Cory Doctorow made a lot of money writing bleak books about people turning on each other after a disaster:
The central crisis—a nuclear meltdown, a viral pandemic, a breakdown of our networks or computers—is turned into a catastrophe when the other people around your characters turn out to have been beasts all along, their vicious true natures barely kept in check all these years by the fragile veneer of civilization. Your character might be part of a team, but they’re still a small band of heroes fighting against a brutal and vicious world.
This is the thought experiment of a thousand sci-fi stories: When the chips are down, will your neighbors be your enemies or your saviors? When the ship sinks, should you take the lifeboat and row and row and row, because if you stop to fill the empty seats, someone’s gonna put a gun to your head, throw you in the sea, and give your seat to their pals? I’ve committed this sin myself. Right at the start of the first novel in my Little Brother series, a character gets stabbed in a crowded subway by someone who is apparently just knifing people at random in a crowd. That’s never explained, and no one has ever asked me about it. It’s just people being awful.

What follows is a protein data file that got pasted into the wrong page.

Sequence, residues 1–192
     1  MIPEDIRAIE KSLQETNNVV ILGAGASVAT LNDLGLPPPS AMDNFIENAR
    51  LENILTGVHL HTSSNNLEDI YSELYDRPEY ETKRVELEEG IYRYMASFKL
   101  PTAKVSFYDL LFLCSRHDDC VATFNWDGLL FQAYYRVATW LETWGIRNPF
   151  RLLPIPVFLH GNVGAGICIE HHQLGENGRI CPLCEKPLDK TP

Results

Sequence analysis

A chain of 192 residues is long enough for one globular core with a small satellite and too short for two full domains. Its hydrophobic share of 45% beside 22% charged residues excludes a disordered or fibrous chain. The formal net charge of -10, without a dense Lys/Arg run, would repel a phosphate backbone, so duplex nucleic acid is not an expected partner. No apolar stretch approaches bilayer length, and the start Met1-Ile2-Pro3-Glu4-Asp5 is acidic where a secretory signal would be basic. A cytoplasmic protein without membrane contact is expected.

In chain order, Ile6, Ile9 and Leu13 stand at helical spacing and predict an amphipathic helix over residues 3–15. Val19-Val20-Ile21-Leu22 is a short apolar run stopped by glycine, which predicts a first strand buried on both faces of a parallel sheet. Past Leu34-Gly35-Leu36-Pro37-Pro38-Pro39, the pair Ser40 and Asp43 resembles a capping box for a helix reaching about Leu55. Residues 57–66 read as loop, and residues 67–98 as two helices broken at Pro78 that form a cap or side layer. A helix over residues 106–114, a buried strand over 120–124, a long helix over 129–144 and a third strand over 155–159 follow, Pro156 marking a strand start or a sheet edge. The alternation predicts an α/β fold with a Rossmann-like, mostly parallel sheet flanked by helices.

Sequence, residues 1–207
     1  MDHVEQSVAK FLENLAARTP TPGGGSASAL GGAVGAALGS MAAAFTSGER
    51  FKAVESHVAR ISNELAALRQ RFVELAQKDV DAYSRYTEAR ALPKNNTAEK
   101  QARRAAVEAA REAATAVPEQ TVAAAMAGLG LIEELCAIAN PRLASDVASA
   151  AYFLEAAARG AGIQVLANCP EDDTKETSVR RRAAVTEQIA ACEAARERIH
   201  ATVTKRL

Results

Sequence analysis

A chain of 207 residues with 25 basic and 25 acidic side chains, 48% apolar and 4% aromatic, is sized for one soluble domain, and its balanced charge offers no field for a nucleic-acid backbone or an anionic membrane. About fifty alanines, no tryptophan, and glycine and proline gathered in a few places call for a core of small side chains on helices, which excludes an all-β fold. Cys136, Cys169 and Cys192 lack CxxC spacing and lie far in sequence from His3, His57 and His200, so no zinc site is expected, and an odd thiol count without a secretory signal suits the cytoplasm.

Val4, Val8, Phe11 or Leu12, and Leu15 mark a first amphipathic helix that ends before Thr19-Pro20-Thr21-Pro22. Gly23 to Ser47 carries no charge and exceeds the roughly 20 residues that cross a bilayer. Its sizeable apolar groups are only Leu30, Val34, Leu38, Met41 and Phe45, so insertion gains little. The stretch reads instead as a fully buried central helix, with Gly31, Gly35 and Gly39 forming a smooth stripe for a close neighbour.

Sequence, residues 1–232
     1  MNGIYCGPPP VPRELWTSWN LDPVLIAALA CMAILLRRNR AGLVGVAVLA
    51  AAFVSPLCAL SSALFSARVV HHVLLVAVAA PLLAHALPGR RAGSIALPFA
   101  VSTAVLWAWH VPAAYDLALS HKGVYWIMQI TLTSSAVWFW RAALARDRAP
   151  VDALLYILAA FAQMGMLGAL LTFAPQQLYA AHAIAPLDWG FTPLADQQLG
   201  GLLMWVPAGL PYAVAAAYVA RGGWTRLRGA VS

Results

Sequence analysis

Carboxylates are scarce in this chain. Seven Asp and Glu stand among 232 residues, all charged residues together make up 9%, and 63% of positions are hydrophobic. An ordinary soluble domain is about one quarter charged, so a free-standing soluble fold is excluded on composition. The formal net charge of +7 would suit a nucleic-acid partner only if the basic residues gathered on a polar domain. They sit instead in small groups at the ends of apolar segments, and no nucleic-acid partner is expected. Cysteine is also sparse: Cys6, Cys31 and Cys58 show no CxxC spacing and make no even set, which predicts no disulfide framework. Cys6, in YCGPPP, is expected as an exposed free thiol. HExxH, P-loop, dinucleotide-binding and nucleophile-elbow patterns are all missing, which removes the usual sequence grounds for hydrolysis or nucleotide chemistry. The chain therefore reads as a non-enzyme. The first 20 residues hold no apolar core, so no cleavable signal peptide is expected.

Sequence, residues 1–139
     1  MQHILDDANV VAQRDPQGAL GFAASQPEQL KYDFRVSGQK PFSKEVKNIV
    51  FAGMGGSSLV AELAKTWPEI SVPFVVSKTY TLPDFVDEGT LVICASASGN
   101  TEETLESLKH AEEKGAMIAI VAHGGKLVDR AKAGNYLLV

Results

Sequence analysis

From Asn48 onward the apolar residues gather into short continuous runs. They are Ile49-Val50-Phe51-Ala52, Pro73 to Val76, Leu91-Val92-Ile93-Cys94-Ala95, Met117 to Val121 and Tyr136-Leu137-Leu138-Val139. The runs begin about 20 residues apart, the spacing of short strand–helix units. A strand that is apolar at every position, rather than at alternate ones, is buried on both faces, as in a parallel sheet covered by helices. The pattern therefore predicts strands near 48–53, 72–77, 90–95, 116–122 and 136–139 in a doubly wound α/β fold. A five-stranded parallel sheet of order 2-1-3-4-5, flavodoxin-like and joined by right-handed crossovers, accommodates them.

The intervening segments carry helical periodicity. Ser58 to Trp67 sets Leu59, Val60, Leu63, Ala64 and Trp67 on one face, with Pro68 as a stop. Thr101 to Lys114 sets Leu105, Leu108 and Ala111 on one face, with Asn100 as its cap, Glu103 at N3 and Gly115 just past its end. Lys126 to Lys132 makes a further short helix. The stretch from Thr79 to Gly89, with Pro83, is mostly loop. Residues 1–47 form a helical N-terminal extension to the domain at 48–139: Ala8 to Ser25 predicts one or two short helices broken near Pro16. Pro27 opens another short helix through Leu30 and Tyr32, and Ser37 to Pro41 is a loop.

But now he wonders if books like his are part of the reason Americans have no faith in each other:
Made-up stories, even stories of impossible things, are ways for us to mentally rehearse our responses to different social outcomes. Philosopher Daniel Dennett’s conception of an intuition pump—“a thought experiment structured to allow the thinker to use their intuition to develop an answer to a problem”—suggests that fiction (which is, after all, an elaborate thought experiment) isn’t merely entertainment.
I wonder about this, too. Our culture is saturated with stories about the Purge, a day on which the law is suspended and all our neighbors turn into murderous fiends, or scenarios like the Walking Dead, in which the zombies are a weak threat compared to the way our fellow humans act once the government is gone. Is that helping to make us paranoid? Or do we like those stories because we already have a streak of paranoia?
Or maybe it doesn't mean anything, any more than Dracula stories mean we want to be threatened by the Undead.
Personally I think the real-life crime surge of the 70s and 80s, and the way it was covered in the news, did a lot more to make Americans fear each other than zombie stories. But I have to wonder about the almost automatic assumption of our movies and television series that ungoverned people will turn into monsters. Why do we enjoy believing that about each other?